By Sydney Ringer, WIPP Government Relations Intern
Earlier this year, Dell released their 2015 Global Women Entrepreneur Leaders Scorecard, a new data-driven diagnostic tool that identifies the impediments to high-impact entrepreneurship. It also introduces steps that can be taken to improve the conditions for high-impact female entrepreneurship development. Countries were rated on five categories: business environment, gendered access, leadership and rights, pipeline for entrepreneurship, and potential entrepreneur leaders. The United States, France, the United Kingdom, Sweden, Australia, and Canada are at the top of the list.
While the United States was at the top of the rankings system, our rating was still only 71/100 across the categories. Only 13% of start-ups have women on their executive team, and just 3% of start-ups with women CEOs received venture capital funding in 2014. According to Dr. Ruta Aidis, the project director, “if women entrepreneurs were starting growth-oriented businesses at the same rate as men in the United States, we could potentially have 15 million more jobs in the next two years”. The Scored is another reminder of just how challenging it can be for women to succeed even today, and even in countries like the United Sates.
First, female role models in business and government are critically important. In the U.S. only 22% of the female population knows an entrepreneur despite 46% of women believing they have the skills necessary to start a business. Women entrepreneurs can leverage their success to provide real business insights on how to encourage women to start their own businesses. Once Women decide to start their own business they have modest aspirations because access to capital is still a huge barrier. Women-owned companies are 50% less capitalized than their male-owned counterparts.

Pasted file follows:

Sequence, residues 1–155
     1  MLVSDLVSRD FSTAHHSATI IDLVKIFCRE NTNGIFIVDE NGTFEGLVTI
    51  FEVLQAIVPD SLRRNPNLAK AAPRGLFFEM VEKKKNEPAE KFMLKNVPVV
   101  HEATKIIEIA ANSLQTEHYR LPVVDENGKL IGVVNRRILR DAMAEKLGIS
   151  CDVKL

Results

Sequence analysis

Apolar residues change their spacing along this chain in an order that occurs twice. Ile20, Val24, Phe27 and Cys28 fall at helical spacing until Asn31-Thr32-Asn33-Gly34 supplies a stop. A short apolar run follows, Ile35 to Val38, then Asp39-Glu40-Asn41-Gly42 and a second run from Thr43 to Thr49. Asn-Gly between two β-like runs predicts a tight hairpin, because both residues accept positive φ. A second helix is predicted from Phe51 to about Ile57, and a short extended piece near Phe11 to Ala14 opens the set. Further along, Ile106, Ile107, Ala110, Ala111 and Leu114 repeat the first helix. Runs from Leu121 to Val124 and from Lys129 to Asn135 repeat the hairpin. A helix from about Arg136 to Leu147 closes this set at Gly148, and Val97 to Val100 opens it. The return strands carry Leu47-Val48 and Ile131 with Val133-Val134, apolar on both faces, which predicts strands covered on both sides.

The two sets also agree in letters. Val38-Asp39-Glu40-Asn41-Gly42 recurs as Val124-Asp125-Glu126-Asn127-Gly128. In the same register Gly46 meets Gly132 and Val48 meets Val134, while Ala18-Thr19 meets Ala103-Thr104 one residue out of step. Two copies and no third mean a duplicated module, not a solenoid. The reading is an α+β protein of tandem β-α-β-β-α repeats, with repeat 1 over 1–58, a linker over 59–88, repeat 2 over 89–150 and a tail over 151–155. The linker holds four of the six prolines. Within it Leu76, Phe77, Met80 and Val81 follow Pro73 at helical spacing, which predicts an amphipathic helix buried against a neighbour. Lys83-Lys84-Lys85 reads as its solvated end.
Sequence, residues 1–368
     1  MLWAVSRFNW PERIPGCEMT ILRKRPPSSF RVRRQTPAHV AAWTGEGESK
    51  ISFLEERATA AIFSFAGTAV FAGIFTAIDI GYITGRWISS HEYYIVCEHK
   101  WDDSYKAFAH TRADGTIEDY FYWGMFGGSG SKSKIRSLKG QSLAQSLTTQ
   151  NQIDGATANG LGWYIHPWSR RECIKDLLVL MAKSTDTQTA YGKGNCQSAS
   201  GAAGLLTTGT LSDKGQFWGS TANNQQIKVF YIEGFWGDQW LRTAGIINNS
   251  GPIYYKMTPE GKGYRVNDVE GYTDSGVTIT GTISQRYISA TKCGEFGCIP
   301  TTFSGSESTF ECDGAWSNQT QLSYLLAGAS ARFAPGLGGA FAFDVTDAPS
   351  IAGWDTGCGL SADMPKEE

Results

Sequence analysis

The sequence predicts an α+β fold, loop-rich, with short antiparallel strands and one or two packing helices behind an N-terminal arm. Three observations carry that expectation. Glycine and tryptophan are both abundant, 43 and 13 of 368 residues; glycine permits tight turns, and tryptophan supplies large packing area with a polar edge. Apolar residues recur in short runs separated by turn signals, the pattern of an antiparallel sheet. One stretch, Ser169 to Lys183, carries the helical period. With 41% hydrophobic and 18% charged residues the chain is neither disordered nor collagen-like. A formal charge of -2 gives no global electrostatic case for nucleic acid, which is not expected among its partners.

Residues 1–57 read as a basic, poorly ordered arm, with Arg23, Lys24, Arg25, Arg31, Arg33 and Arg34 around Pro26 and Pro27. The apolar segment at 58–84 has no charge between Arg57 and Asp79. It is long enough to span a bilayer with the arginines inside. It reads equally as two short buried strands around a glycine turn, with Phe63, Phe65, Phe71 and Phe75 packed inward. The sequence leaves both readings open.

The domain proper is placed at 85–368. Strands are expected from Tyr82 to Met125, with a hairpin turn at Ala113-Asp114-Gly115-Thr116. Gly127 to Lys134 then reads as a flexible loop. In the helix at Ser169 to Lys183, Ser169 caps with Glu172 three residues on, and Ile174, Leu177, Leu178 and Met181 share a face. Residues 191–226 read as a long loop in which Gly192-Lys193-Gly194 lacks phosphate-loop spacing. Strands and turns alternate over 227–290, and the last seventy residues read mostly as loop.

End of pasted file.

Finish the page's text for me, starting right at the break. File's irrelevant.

While this report demonstrates all the growth the United States and other countries still need to do, it also presents some interesting ways to encourage women entrepreneurs. On the international level, the International Trade Centre launched a global initiative to increase the proportion of public procurement contracts being awarded to women owned businesses. The study also suggests corporations diversify their leadership and increase the number of women-owned business vendors in their supply chain.
The media can also play an important role as well. Right now global media only features women as subjects in print, radio and television 25% of the time. Seeing more articles featuring women as the top story on their homepage could inspire women to follow in their footsteps.
Every country in the study, even the top rated, has room for improvement. More than 70% of the countries still rated scored less than 50 out of 100. Despite challenges, women-owned businesses are growing, but they would be growing at an exponentially faster rate if they got some encouragement from their governments, corporations, media, and other entrepreneurs.
 CNN Money, “The Best Country For Women Entrepreneurs.” 2015. Available online at http://money.cnn.com/2015/06/30/smallbusiness/women-entrepreneurs-dell/index.html?category=smallbusiness
 “Global Women Entrepreneur Scorecard Executive Summary”. 2015. Available online at http://i.dell.com/sites/doccontent/corporate/secure/en/Documents/2015-GWEL-Scorecard-Executive-Summary.pdf